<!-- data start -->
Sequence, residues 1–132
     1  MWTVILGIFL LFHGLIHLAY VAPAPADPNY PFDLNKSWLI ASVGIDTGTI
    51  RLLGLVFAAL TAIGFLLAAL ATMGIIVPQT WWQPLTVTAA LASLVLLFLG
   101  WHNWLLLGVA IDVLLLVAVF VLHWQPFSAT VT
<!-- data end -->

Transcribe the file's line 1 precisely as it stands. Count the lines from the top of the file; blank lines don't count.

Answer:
Sequence, residues 1–132